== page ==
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Arsenic in Food: FAQ

How arsenic gets into foods, and what it means for you.

From the WebMD Archives

Recent investigations have found the toxin arsenic in rice and apple juice.

Consumer Reports published results of their tests of 88 samples of apple and grape juices. Nine samples had more arsenic than the federal government allows in drinking water

In a separate analysis of government nutrition data, researchers commissioned by Consumer Reports also found that Americans who reported drinking apple or grape juice had arsenic levels in their urine that were 20% higher than people who didn’t drink those juices.

Similarly, researchers at Dartmouth Medical School found that pregnant women who reported eating rice had higher levels of arsenic in their urine than women who didn’t eat rice.

Eating just half a cup of rice a day, the researchers reported, could expose someone to just as much arsenic as if they had been drinking water at the government’s maximum allowable limit.

Should you be worried about being exposed to arsenic in food? WebMD consulted experts who study arsenic to answer your questions.

What is arsenic and how does it get into foods?

Arsenic is a naturally occurring element that’s found in soil and water. It has also been used by farmers as a pesticide and a fertilizer. It is also used to preserve pressure-treated wood.

Like lead, mercury, and other heavy metals, arsenic can persist in soil for years after it is applied to crops.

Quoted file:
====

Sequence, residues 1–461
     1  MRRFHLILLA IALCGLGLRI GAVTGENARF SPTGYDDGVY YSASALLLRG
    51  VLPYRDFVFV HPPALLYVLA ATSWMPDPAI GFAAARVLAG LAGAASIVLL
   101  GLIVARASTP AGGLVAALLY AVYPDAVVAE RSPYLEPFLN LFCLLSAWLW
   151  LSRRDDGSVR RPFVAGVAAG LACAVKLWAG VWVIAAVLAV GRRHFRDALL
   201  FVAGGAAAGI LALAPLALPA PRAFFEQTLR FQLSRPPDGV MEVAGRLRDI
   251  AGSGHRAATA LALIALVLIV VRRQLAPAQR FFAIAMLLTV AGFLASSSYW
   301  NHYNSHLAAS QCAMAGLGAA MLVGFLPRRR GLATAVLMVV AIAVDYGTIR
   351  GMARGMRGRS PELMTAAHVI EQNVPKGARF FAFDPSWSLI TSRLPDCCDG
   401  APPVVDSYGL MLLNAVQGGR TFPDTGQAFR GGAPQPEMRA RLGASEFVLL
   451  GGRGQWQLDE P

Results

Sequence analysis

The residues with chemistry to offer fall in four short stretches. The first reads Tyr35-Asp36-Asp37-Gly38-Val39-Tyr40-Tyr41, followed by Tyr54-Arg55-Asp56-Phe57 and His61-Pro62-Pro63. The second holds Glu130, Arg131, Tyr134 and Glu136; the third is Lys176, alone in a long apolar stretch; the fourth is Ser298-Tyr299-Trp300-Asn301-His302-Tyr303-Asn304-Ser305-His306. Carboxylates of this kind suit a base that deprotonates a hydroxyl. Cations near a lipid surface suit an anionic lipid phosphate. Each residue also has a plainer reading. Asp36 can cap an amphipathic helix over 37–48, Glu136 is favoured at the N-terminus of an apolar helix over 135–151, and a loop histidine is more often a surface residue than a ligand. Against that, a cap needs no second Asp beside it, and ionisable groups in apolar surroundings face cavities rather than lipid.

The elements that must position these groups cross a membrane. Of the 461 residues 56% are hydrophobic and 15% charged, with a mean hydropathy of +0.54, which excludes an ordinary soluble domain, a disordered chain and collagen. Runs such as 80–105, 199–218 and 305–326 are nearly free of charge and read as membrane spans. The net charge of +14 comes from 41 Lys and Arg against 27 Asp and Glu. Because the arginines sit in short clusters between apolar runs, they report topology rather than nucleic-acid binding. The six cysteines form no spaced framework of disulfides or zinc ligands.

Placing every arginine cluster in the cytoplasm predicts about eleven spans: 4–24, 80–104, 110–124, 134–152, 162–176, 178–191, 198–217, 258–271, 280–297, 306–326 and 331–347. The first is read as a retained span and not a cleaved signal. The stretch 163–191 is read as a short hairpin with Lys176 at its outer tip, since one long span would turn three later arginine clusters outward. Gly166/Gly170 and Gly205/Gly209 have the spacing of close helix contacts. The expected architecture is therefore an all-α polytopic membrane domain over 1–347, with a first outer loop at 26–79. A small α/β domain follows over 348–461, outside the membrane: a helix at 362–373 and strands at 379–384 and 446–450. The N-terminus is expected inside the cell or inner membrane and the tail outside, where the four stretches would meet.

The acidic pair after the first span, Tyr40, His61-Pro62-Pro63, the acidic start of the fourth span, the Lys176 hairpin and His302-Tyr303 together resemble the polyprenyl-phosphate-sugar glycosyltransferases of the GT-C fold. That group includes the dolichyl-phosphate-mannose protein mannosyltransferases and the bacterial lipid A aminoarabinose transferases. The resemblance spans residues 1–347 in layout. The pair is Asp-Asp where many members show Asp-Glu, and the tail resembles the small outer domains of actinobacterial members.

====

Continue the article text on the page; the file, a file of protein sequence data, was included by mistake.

Much of the rice grown in the Southern U.S., for example, grows in paddies that were once cotton fields. Cotton farmers are known to have used arsenic-based pesticides to control bugs called boll weevils.

Other studies have shown that arsenic content in soil is higher around rivers and may be related to soil texture. Clay soils have more naturally occurring arsenic.

Because of its chemical structure, plants mistake arsenic for necessary nutrients and readily absorb it from the soil.

Are there particular foods that it’s in?

“All plants pick up arsenic,” John M. Duxbury, PhD, a professor of soil science and international agriculture at Cornell University in Ithaca, N.Y., says in an email. “Concentrations in leaves of plants are much higher than in grains of plants. Thus, leafy vegetables can contain higher levels of arsenic than rice, especially when they are grown on arsenic-contaminated soils."

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But because we eat a much lower volume of leafy greens compared to other kinds of foods,

“arsenic intake from this source is also low,” Duxbury says.

Rice appears to be particularly vulnerable to arsenic contamination because it grows in water.

Arsenic dissolves easily in water. So drinking water has long been monitored as a source of exposure to arsenic.